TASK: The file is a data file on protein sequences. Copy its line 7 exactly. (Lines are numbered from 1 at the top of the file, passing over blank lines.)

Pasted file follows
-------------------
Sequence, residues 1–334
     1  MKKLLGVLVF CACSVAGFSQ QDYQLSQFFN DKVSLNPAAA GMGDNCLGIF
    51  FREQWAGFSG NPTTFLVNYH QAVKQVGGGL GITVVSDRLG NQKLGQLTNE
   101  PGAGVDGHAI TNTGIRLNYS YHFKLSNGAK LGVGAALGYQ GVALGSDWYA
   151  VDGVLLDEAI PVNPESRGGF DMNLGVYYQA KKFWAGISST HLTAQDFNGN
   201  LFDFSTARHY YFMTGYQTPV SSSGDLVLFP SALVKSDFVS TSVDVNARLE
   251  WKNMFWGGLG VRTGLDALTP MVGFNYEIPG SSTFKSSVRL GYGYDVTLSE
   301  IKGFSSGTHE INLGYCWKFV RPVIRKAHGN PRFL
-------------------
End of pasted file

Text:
   251  WKNMFWGGLG VRTGLDALTP MVGFNYEIPG SSTFKSSVRL GYGYDVTLSE